"I retyped a lot of stuff on a Macintosh in my back yard drinking Leinenkugel," McNamara said. He began to formalize the collection in 1995, while working at MAP for Nonprofits, a management consulting agency in St. Paul. He dubbed it the Nonprofit Managers Library, which stuck until he renamed it the Free Management Library in 2005.
Mel Gray, professor of business economics at the University of St. Thomas Opus College of Business, who said he uses the library regularly, has known McNamara since he was an executive MBA student.
"Carter stood out from the group," Gray said. "He just has a distinct personality and a distinct style. You might say he was something of a social entrepreneur before social entrepreneurship became a byword. The benefit of his knowledge accrues to hundreds if not thousands of nonprofit managers."
Twin Cities hub
The Twin Cities area, for that matter, is something of a hub of free business-related resources. The private, nonprofit James J. Hill Reference Library in St. Paul, considered one of the most comprehensive business libraries in the county, offers reference assistance to visitors and callers at no cost. PartnerUp.com, a Deluxe Corp. company, provides free online networking and resources for registered small business owners and entrepreneurs.
"We just got lucky here with the Hill family contributing to the betterment of society and Carter contributing," Gray said. "Maybe there's something about the water and the atmosphere here. It worked out to our advantage, whatever it was, and it works to the advantage of the rest of the world now that it's online."
Longtime library user Vic Massaglia said he used its free "Micro-eMBA" program to expand his business knowledge.
"I was working on my master's in human resource development and wanted to beef up my business acumen without getting another degree,'' he said. "The Free Management Library helped me get the lay of the land in various categories in business.''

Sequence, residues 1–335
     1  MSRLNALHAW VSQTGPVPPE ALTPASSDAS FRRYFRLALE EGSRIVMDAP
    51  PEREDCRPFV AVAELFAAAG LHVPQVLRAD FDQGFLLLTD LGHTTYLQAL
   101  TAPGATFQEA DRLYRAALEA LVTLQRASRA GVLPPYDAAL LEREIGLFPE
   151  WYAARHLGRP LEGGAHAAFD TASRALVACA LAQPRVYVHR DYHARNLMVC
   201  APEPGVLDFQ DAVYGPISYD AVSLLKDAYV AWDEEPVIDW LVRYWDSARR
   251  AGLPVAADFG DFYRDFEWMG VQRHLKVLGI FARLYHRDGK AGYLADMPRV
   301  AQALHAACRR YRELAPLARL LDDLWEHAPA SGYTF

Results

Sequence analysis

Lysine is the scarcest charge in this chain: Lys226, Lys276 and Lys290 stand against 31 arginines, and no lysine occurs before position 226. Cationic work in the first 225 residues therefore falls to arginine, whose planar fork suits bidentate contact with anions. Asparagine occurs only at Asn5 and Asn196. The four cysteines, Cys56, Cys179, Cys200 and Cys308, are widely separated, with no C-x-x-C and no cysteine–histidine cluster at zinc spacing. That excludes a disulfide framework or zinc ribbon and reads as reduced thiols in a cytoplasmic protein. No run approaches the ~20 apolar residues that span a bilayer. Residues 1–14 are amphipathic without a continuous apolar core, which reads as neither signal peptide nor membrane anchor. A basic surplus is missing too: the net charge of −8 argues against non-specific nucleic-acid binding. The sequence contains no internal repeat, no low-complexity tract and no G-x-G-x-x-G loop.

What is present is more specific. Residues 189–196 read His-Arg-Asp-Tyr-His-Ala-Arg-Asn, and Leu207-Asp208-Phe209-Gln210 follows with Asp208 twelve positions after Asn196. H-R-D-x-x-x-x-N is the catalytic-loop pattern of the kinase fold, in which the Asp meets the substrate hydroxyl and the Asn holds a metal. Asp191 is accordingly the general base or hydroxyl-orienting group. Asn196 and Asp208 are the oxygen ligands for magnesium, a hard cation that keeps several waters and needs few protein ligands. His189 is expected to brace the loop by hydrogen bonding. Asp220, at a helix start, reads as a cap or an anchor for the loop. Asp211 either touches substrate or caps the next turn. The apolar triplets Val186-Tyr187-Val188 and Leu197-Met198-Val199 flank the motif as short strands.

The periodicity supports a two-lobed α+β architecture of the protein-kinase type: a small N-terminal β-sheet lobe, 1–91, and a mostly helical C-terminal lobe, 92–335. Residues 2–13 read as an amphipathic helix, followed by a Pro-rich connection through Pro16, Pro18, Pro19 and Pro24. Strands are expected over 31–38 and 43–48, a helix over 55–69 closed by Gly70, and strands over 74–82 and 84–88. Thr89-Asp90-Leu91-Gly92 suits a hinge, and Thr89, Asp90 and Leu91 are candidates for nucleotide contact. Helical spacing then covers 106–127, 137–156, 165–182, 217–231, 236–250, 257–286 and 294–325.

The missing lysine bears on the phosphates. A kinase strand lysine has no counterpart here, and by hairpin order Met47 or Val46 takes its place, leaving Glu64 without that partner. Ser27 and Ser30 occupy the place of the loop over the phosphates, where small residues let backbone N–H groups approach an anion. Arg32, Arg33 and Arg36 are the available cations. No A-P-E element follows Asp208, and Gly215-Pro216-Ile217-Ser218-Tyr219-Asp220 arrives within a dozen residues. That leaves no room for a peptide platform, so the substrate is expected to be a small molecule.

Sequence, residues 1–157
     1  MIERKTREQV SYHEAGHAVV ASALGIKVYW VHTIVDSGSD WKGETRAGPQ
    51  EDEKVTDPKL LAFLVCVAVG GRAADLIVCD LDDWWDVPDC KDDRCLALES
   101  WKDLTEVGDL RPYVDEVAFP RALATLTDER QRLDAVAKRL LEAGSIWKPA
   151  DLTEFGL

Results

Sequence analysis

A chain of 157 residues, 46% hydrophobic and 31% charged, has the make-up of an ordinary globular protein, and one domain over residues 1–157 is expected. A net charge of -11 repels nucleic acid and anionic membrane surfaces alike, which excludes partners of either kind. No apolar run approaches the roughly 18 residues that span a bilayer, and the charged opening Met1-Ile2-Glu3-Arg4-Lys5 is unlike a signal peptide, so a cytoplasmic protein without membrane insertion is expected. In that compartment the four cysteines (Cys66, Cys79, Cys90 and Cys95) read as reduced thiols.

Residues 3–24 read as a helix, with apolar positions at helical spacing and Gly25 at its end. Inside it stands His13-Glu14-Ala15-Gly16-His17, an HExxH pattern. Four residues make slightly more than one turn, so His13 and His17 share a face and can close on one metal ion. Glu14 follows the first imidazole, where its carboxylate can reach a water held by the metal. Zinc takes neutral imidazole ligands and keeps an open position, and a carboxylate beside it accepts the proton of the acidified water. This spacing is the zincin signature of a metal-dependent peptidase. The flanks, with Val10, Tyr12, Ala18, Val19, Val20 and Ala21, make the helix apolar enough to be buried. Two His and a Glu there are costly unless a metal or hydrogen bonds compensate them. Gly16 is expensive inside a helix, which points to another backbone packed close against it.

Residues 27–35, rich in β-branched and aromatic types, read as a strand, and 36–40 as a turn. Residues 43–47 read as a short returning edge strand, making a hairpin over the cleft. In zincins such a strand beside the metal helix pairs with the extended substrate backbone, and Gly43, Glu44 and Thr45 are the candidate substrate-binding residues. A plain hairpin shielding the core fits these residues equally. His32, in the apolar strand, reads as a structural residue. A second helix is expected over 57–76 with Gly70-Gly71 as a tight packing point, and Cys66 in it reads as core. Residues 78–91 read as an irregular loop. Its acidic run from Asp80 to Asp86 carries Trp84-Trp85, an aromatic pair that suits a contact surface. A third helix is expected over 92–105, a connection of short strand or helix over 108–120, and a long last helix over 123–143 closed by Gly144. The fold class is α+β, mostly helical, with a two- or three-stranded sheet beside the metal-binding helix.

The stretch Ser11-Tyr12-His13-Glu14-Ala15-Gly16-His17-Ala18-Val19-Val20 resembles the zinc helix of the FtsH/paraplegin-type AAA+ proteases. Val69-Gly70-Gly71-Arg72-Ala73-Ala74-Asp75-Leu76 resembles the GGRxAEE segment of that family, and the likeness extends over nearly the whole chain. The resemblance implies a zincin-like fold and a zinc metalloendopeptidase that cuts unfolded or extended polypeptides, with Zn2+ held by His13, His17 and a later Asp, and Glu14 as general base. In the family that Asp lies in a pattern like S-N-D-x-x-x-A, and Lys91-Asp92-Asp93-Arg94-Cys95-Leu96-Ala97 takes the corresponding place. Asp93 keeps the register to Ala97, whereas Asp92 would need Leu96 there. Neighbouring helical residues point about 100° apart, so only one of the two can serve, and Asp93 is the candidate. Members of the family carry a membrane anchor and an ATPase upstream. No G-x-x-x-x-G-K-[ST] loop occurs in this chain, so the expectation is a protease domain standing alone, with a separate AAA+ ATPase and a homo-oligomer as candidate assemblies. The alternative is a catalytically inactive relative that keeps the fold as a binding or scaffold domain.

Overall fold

For all its widespread use, the Free Management Library today is at crossroads, McNamara said.
Demand is growing to translate its online resources into Spanish, Chinese, Russian, Hindi and other languages. He wants to post videos and podcasts and possibly develop library-based mobile apps. He added nearly two dozen blogs last year and is considering a handful of others. The question facing him now is how to monetize the site while keeping it free and public. His focus on the practical rather than the social aspects of information exchange distinguishes him from the likes of Facebook founder Mark Zuckerberg.
"It started as a hobby and it became a utility," said McNamara. "I'm not Zuckerberg ... but I kind of relate."
The expert says: Jack Militello, a management professor at the University of St. Thomas' Opus College of Business suggested McNamara consider using videos to introduce subject experts, which might help "placate the more visual generation." The finance section would benefit from virtual blackboard drawings showing other ways of explaining how to perform certain calculations.
Translating some of the documents into other languages makes sense, Militello said, and Chinese likely would be a good starting point. But he questioned how many languages would be necessary, pointing out that English still is the language of business internationally.